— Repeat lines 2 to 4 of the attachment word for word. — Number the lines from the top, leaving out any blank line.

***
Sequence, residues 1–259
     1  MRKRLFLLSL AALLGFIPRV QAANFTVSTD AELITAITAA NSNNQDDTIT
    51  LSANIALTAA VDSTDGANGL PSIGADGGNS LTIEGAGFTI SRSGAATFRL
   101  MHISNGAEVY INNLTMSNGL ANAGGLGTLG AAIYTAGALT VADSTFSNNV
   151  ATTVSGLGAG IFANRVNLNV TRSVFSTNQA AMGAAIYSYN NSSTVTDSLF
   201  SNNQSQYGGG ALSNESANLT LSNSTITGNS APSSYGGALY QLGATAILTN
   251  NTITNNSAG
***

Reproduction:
     1  MRKRLFLLSL AALLGFIPRV QAANFTVSTD AELITAITAA NSNNQDDTIT
    51  LSANIALTAA VDSTDGANGL PSIGADGGNS LTIEGAGFTI SRSGAATFRL
   101  MHISNGAEVY INNLTMSNGL ANAGGLGTLG AAIYTAGALT VADSTFSNNV